“Well, everyone knows Northman’s newborn Queen lived with the witch I mentioned earlier, her friend, when the Viking went to Oklahoma,” Russell pointed out. “When you look at how things turned out in that light, it does suggest a few things. How else but through witchcraft do you explain the creature?”
Russell could almost feel Tania’s talons dig deep. “I thought the forming of the dhampir was explained,” she said carefully. “I was told they are a natural occurrence for those males who live long enough. The Viking is among our oldest. He mated with a human…” but Russell interrupted the Queen before she could get started on the tale they’d been told.
“A brilliant cover story, don’t you think? And from none other than their favorite local doctor. Amy Ludwig has a reputation, but she owes much to the Viking. I don’t doubt for one minute that she’d lie for them. After all, no one among our kind would rest easy, knowing they’d created that thing from witchcraft.” Russell paused. This was it. Tania would either accept his suggestion or reject it out of hand.
“I always wondered,” Tania sighed, and Russell knew he’d won.
“Think about it,” Russell soothed. “Stackhouse knew witches, consorted with them. She was desperate to keep the Viking. You know how these fangbangers can be when your interest starts to wane.”
“A desperate act by a desperate woman,” Tania mused. “Still, it doesn’t explain why Northman went along.”
“Why indeed?” and Russell paused before letting the next domino fall in place. “Have you ever known Northman not to be planning two steps ahead?”
“He has a reputation for craftiness,” Tania readily agreed.
“And does his kingdom have problems now? From humans?” Russell asked.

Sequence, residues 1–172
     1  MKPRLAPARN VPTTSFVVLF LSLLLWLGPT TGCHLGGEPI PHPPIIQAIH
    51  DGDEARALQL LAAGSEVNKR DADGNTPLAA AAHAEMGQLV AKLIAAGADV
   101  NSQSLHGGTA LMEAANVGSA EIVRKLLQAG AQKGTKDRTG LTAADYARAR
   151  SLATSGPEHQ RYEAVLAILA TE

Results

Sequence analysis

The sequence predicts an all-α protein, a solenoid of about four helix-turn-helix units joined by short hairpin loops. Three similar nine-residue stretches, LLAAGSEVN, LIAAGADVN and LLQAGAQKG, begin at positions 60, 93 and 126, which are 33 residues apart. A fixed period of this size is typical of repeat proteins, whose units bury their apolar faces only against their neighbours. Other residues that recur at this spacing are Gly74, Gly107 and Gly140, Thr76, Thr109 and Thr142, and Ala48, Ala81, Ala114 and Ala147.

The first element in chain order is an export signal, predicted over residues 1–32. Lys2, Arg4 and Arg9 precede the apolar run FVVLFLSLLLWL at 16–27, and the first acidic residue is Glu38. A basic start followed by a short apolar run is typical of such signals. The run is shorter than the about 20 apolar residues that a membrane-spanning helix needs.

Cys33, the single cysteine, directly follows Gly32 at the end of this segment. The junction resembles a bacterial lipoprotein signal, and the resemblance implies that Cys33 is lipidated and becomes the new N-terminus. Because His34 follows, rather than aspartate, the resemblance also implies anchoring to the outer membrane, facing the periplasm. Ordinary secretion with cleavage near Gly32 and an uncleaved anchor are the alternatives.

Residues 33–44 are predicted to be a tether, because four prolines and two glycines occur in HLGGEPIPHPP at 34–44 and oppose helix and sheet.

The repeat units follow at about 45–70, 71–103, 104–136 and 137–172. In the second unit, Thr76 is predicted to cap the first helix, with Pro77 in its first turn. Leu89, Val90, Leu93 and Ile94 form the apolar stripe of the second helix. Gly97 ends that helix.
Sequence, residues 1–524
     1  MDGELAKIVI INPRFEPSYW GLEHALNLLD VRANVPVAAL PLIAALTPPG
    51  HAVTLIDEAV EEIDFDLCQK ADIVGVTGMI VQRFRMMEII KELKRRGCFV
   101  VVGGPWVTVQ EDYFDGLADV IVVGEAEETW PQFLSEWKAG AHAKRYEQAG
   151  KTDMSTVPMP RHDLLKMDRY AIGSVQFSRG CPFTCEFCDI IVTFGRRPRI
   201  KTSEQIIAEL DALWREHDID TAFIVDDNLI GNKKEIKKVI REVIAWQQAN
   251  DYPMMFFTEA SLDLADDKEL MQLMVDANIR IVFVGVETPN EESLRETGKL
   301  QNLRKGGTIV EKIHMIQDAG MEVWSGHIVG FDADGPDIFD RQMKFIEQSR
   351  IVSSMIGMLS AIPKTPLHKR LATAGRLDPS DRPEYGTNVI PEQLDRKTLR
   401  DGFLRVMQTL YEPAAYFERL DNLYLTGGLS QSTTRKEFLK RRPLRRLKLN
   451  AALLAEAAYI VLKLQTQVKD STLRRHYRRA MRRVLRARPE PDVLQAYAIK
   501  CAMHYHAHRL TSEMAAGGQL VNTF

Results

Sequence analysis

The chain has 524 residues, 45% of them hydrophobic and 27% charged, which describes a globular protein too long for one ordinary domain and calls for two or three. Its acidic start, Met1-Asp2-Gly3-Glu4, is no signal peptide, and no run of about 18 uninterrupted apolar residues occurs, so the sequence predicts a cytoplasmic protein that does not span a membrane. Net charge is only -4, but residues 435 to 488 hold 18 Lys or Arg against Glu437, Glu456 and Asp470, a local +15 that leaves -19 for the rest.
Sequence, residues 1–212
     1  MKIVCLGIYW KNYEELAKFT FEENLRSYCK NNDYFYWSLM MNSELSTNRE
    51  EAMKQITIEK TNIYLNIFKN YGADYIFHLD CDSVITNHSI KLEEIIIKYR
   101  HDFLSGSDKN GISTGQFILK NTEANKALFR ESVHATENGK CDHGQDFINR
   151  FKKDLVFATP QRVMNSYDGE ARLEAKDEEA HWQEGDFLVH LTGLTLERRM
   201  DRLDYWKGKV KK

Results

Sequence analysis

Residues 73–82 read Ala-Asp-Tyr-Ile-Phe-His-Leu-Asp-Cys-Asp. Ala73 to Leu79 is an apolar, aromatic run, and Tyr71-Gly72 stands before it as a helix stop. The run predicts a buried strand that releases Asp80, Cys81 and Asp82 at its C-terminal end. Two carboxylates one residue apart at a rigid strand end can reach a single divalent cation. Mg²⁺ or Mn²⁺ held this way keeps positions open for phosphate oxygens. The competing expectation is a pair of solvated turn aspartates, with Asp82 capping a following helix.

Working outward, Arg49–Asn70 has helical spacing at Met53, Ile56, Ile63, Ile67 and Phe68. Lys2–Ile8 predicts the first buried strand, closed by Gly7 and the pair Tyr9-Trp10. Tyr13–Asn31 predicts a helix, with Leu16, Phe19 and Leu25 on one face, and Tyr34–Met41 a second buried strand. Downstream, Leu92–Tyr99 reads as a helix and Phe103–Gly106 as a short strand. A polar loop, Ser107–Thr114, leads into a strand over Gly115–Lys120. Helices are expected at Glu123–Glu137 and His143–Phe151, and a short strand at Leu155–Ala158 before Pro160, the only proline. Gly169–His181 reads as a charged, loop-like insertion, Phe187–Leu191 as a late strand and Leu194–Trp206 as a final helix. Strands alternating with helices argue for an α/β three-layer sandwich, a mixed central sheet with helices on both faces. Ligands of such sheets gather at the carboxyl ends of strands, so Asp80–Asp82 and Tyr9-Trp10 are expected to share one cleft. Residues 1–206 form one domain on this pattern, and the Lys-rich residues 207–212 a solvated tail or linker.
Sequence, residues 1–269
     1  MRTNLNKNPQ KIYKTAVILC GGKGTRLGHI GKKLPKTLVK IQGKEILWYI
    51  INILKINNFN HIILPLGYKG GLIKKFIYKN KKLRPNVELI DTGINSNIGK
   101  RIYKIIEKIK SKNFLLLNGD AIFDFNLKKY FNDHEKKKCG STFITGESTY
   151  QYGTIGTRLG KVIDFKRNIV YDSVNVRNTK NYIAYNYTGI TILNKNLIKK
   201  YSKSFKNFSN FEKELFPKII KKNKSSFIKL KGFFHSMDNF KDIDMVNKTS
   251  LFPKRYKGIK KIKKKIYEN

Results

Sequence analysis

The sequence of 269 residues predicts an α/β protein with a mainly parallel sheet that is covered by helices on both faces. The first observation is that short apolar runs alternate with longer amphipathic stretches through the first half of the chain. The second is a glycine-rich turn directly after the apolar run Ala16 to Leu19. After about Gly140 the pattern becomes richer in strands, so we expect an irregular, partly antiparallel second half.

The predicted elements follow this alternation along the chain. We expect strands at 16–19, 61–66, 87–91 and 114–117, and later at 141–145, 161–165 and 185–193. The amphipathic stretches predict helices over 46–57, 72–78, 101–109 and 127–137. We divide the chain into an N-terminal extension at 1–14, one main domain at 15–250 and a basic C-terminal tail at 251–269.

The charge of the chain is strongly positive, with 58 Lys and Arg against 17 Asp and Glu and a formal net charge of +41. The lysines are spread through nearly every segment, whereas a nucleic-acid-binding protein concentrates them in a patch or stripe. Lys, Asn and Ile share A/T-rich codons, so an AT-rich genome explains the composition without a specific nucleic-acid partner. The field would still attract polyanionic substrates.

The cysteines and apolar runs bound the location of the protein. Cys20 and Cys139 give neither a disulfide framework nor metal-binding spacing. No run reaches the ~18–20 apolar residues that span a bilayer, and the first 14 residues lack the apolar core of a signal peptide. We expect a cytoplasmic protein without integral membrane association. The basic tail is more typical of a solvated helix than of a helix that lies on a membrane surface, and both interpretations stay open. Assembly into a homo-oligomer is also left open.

“No.” It was in the way she said it.
“No,” Russell repeated. “Whether he’s a willing accomplice or acting under a spell, it’s clear Northman’s dhampir is being used to disrupt all the progress the rest of us have made in mainstreaming. The fanatics are accusing us of purposely deceiving them, preying on them when we have other means to reproduce. You have unrest. I have churches telling their congregations we are devil’s spawn. I’m told the federal government has become interested in regulating us again. But Northman? He and his child Queen are riding floats and lording it over the rest of us. He’s holding himself out as the shining example of what vampires should be, a family, a human family, with their custom-made child.”
“And he’s recalled his true children, keeping them close,” Tania huffed.
“And left the rest of us hanging,” Russell agreed. “All so neat, except it would seem his little dhampir has gone renegade. Yes,” and Russell sighed dramatically, “the vampire who captures Rick Northman would have the Viking by the short hairs.”
“It’s an interesting observation,” Tania said dryly, “but tell me, Russell. With whom else have you shared this little insight?”
Russell laughed. He should have known Tania was too smart to completely fall for his scheme, so he told her the truth. “Why, everyone, dear Tania, everyone!”